The five new strawberry varieties released by plant breeders at the University of California, Davis, recently may offer consumers new choices, but they have to meet the discriminating preferences of the state’s strawberry growers first.
While consumers probably choose on the basis of color, size, taste and texture, growers include several other qualifications before they plant any of the 25 to 30 varieties of strawberries available to them. The weather, soil, water required, size, yield and growth characteristics in their locations are among the most critical.
Top of the list of features the breeders sought in the five latest varieties was disease resistance. From strawberry plants that bloom in the early spring to those that prefer warmer days, their contact with the soil as they ripen makes them vulnerable, especially to soil borne maladies. Inherent resistance is far more preferable than overcoming disease with sprays or other exterior applications.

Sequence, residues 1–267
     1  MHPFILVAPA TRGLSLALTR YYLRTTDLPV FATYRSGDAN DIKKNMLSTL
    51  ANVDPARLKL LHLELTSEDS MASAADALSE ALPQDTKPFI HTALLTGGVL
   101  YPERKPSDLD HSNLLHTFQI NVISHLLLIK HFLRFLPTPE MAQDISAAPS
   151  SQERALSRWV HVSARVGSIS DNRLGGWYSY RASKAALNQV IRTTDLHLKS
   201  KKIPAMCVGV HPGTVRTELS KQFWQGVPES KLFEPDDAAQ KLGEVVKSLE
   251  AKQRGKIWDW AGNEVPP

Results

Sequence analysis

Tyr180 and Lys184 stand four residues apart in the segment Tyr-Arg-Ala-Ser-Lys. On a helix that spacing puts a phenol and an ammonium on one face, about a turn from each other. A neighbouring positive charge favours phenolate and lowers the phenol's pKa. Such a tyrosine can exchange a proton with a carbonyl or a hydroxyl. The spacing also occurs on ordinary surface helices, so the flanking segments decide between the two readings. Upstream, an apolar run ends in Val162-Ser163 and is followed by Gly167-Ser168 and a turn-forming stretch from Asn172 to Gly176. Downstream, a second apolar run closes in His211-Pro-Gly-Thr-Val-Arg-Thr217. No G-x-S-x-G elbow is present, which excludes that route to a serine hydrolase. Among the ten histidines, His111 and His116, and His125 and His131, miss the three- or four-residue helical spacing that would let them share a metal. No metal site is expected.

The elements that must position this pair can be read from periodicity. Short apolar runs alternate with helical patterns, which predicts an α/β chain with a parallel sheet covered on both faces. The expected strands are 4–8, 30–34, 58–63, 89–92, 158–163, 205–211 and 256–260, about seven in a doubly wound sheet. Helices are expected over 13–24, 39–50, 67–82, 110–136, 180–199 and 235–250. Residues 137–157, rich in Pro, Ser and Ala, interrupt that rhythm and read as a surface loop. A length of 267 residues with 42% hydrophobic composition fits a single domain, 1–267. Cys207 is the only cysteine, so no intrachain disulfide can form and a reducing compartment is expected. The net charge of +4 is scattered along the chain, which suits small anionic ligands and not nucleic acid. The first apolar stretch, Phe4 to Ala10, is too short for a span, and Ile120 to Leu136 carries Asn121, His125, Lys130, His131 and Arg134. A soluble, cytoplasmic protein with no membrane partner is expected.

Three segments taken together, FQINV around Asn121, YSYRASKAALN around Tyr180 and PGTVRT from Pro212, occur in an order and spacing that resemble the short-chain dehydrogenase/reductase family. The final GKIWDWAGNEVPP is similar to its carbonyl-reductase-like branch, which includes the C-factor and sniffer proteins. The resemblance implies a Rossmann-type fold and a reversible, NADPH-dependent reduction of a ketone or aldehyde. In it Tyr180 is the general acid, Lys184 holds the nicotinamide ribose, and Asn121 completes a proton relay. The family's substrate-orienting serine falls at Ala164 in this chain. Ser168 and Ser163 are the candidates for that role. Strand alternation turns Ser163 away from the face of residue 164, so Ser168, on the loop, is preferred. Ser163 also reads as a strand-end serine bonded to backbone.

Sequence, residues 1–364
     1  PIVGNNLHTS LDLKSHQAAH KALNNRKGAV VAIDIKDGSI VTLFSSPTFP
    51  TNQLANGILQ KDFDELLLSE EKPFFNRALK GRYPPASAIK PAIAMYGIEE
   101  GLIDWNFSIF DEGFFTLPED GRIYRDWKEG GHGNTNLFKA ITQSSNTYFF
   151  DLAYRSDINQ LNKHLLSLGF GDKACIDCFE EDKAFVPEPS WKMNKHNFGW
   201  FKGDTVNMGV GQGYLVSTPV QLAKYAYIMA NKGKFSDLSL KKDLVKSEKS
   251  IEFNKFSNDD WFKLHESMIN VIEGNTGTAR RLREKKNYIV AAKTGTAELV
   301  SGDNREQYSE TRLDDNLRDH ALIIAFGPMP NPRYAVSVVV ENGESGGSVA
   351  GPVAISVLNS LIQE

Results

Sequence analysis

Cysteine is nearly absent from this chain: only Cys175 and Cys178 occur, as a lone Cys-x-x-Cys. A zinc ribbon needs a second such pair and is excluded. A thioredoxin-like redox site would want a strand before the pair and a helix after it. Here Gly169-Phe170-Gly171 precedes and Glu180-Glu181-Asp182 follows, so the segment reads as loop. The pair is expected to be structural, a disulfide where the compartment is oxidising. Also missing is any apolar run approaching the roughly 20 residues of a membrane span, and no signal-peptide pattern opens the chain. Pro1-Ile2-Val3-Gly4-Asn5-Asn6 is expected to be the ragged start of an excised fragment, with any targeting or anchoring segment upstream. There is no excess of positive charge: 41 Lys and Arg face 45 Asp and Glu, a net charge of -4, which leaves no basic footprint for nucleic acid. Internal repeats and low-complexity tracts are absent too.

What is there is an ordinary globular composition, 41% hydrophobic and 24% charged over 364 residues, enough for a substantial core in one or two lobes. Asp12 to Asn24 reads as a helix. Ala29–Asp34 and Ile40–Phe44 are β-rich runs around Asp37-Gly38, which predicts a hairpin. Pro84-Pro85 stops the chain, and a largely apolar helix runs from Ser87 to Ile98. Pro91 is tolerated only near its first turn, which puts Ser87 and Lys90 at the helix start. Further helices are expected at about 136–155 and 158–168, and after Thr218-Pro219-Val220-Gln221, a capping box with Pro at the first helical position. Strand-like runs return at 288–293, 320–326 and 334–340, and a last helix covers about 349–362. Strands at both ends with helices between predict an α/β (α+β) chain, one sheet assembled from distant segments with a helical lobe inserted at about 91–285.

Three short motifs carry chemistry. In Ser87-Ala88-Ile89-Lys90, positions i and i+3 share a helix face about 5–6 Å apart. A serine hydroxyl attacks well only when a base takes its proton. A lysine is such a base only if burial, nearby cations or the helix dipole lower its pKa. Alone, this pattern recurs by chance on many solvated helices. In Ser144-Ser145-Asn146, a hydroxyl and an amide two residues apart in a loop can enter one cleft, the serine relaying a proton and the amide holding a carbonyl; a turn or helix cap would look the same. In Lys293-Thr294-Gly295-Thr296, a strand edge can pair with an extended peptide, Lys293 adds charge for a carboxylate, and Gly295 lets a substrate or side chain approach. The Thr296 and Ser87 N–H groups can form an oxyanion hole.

The time of year that strawberries ripen is a characteristic that can be regulated to some degree by breeding, and further modified by the location where they are grown and by weather characteristics. The plant breeders do what they can to provide early ripening in some of the varieties growers choose from. Berries that can ripen in time for Christmas holiday sales are a premium.